Saudi border guards accused of killing hundreds of African migrants
By Ben Hubbard and Shuaib Almosawa
Border guards in Saudi Arabia have regularly opened fire on African migrants seeking to cross into the kingdom from Yemen, killing hundreds of men, women and children during a recent 15-month period, Human Rights Watch said in a report released Monday.
The guards have beaten the migrants with rocks and bars, forced male migrants to rape women while guards watched and shot detained migrants in their limbs, leading to permanent injuries and amputations, the report said.
The shooting of migrants is “widespread and systematic,” it said, adding that if killing them were Saudi government policy, it would constitute a crime against humanity.
A Saudi government statement dismissed the report as inaccurate.
“The allegations included in the Human Rights Watch report about Saudi border guards shooting Ethiopians while they were crossing the Saudi-Yemeni border are unfounded and not based on reliable sources,” the statement said.
The report provides chilling new details about the conditions along one of the world’s most dangerous smuggling routes, a patch of isolated, war-torn territory rarely visited by journalists, aid workers or other international observers.
It focuses on the plight of migrants from Ethiopia, one of the world’s poorest countries, who seek to enter Saudi Arabia — the Arab world’s richest nation and one of the globe’s largest oil exporters — and on the increasingly harsh efforts by the kingdom’s security forces to keep migrants out.
Faisal Othman, a migrant from Ethiopia, told The New York Times that he was trying to cross the border with about 200 others in September when a projectile exploded near the group and shrapnel tore apart the women around him.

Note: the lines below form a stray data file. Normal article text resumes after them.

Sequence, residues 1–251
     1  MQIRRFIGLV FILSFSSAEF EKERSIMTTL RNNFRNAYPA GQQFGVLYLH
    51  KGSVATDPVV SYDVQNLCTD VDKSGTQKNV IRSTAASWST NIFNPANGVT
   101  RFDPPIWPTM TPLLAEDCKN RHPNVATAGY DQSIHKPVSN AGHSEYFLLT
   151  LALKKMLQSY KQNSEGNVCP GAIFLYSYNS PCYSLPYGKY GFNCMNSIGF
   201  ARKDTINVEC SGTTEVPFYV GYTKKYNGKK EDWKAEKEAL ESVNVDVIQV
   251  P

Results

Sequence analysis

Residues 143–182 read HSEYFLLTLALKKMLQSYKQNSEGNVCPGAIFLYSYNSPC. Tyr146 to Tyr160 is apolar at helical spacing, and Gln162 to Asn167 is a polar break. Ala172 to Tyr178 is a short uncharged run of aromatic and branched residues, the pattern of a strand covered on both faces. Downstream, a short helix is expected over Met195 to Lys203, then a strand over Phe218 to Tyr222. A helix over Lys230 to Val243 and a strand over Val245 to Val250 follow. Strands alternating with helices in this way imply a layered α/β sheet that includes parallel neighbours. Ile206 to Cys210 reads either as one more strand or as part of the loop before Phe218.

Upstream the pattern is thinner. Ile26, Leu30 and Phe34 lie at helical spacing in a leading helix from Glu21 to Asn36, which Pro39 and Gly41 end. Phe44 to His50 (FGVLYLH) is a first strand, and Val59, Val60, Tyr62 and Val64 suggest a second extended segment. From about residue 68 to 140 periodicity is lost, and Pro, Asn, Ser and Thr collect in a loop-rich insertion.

“Most of them ended up as remains,” Othman, 31, said by phone from the Yemeni capital, Sanaa. “They were shredded like crushed tomatoes.”
Destitution pushed people to make the trip, he said.
“They’re just poor people looking to make a living on bare feet, but they face rockets,” he said.
For years, streams of migrants have fled Ethiopia because of poverty, drought and political repression and have headed for Djibouti, where smugglers transport them across the Gulf of Aden to Yemen, the Arab world’s poorest country, which has been torn apart by years of war.
In Yemen, the migrants are taken to territory near the Saudi border that is controlled by the Houthis, an Iran-backed militant group that seized Sanaa and much of the country’s northwest from the internationally recognized Yemeni government in 2014.
The next year, Saudi Arabia and some of its Arab allies launched a bombing campaign to drive out the Houthis. But it didn’t work, and the war sank into a stalemate and fueled a humanitarian crisis.
Human Rights Watch based its report on dozens of interviews with migrants who have attempted the trip or with their associates; an analysis of hundreds of photos and videos shot by migrants; and an examination of satellite images of the border area.